Today is Election Day in Gabon. What an opportunity to witness a foreign country elect their next president.
A quick history lesson about young Gabon. They declared independence from France on August 17, 1960. Gabon’s leadership in the first years are a little muddied but worth a quick read, however, essentially there has been two Presidents, the current President and his father.
Yes, for 48 years a single family has ruled Gabon. Can you see how this may be a sticky point? Americans get upset if there is 12 or 16 years total with a singular family name.
I only arrived back home to Gabon two weeks ago and it has been an interesting reentry. The days, and community, were normal prior to my departure in early July; however, upon my return in early August, politics were enjoying full propaganda swing.
These past few days intensified as the air was charged with emotion and people were clearing out-of-town and even country.
Surprisingly, local businesses were still open hours prior to voting. Grocery stores we packed with lines of 30 minutes or longer as people grabbed for the essential items: milk, butter, bread, eggs, and chicken. In 2009, the last election as they hold elections every 7 years now, stores were empty. All in all, the stores and markets addressed the issues and were absolutely better prepared for customers this election year. People may have been scooping items off the shelf hours before the election but at least they were available this time.
Driving around, we had happened upon political rallies, city and country, this week but by and large pedestrian and car traffic was coming to a crawl.
After schools close in June the international communities (Libreville, Gabon is VERY international) depart for home or other foreign vacations. This large segment of Libreville population is still out-of-town. Their departure is felt every summer however the locals themselves are staying closer to home, leaving this once crowded, heavily trafficked area nearly ghost like in comparison to any other time of the year.
We have been preparing for a worst-case scenario and expecting the best. What does this mean?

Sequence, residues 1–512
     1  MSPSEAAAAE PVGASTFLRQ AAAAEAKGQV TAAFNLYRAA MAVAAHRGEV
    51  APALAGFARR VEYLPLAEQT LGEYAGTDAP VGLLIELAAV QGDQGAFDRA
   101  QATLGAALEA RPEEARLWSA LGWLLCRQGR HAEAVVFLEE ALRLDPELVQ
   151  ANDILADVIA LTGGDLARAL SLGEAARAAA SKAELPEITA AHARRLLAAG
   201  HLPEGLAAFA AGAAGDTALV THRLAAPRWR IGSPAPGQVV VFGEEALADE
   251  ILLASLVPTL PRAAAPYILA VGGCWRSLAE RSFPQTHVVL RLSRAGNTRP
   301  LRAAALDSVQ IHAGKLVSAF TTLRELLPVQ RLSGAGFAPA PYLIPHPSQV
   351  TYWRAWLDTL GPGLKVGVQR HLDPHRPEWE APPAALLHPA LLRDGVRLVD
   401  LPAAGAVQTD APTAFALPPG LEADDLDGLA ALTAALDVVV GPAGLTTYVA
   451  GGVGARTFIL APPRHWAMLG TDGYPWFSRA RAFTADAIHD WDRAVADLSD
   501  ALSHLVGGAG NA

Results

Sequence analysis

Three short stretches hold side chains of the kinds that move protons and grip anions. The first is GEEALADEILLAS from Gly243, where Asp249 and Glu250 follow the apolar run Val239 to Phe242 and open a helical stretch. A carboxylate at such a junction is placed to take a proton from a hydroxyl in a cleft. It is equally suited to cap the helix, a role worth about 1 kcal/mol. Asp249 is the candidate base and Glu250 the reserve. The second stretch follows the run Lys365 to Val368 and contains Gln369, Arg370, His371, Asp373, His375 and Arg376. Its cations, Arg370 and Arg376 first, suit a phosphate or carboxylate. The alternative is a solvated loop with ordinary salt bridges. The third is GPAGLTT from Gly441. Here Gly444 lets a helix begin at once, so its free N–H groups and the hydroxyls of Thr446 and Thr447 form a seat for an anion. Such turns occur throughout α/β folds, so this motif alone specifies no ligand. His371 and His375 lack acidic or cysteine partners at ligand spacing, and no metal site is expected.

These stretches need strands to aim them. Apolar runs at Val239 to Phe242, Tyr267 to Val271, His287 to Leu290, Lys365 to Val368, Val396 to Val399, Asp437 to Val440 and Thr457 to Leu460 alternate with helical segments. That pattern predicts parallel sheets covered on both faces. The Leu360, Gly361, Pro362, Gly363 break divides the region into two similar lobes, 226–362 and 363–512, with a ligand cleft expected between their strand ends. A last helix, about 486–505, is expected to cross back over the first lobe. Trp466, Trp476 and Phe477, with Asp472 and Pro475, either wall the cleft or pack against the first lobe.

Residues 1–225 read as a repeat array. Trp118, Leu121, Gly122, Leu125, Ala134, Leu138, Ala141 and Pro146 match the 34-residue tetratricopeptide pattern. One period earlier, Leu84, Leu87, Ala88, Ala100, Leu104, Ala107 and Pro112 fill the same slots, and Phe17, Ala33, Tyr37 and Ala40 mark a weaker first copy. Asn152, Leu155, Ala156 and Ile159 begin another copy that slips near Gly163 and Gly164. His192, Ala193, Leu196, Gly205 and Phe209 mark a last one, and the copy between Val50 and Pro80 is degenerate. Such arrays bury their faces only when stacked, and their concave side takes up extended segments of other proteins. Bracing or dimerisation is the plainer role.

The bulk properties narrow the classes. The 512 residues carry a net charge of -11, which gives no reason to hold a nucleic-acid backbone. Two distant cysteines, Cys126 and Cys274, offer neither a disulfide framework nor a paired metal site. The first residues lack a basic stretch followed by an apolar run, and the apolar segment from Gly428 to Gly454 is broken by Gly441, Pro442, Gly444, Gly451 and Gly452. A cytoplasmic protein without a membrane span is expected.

I have topped off our gas tanks in the vehicle and we have propane for the grill. Flashlights, batteries, and candles have all been located and gathered. Water jugs and bottles are filled, additional water bottles have been frozen, and extra drink options purchased. Food supplies are topped off and extra money has been pulled out and put away.
We have put together and finalized our “Go Bags” filled with all important documents, hygiene, and clothing items to be able to dash out in a moments notice if told to evacuate.
Say what you will about American politics, you aren’t doing this come November.
Yesterday an angry protesting mob went by my house marching toward the President. I watched it from my office window upstairs. I am not worried about them, at least yet, because let me tell you the President has more army and security available than you could imagine. They never get far but they actually made it beyond my home which is the farthest I, myself, have ever seen them get.
They are always met with Army tanks, trucks, and soldiers with artillery and tear gas to deploy. So, kudos to gaining a few more feet than usually but it wasn’t long until I watched these protestors go back by my home, escorted, sandwiched between all of the above mentioned personnel. I wish I had my phone to grab a photo.
This was a peaceful, albeit vocal, group of protestors but no one is quite sure what will spring up after the election. Who knows, there may be another photo opportunity but I won’t be sad if there isn’t.
Overall, Gabonese people are not terribly violent. Usually, the groups are easily dealt with using only tear gas. However torching embassies, cars, and deaths do happen. I will attach some articles at the end.
As one may presume, the Gabonese election process in not electronic. The live election news coverage with redundant updates we have come to enjoy (or loathe) as American will not happen here.
We will wait.
They must be hand counted. They must be brought in from around the country. The word on the street is the earliest announcement could be Monday or it could take as long as a week or two.
Of course the skeptic in me wonders if that is just to give them time to stuff or remove ballots from the boxes. Too much American News Network or just realistic? Maybe both…
They do have a process to follow that seems to have a lot of checks and balances in the chart so I suppose I will give the benefit of the doubt versus being a Doubting Thomas about it.
There are foreigners, including someone who lives in this house, deployed around the country to observe and report the election process. I am interested in hearing what they observed! I wish I could have gone, of course. What an exciting opportunity for those selected to go.
Here is a shot of a polling station.
My home is calm, as to be expected. I have explained to the children what is going on and why we were packing “Go Bags.” They are okay with it because I am okay with it. Our children really do feed off our emotions.
So, other than preparations, things are normal. We are playing games, coloring, doing school work, watching movies, and making smoothies. Just another day in a Bruce house but Mom knows it isn’t underneath it all.
I will update later with the outcome of the election and reactions from the community.
Here is an article from USA Today, today.
That is all from Africa for now, I hope you are all doing well. Prayers for Gabon and its people and those living here are needed.
Links for you entertainment:
Opposition leader dies in 2015